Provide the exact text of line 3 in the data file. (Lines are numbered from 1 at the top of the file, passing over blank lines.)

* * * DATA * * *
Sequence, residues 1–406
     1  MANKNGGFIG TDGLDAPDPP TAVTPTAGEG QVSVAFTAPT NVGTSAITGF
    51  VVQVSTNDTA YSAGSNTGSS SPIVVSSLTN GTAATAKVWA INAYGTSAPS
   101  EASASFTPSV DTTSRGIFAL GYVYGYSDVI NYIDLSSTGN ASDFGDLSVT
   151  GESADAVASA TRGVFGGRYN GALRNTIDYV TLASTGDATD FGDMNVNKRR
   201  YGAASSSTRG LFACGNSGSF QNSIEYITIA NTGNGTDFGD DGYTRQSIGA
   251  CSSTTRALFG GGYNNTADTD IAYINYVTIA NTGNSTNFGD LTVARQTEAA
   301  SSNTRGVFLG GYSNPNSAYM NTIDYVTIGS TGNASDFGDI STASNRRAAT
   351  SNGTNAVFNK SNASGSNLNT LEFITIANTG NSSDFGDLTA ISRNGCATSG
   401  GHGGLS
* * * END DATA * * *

    51  VVQVSTNDTA YSAGSNTGSS SPIVVSSLTN GTAATAKVWA INAYGTSAPS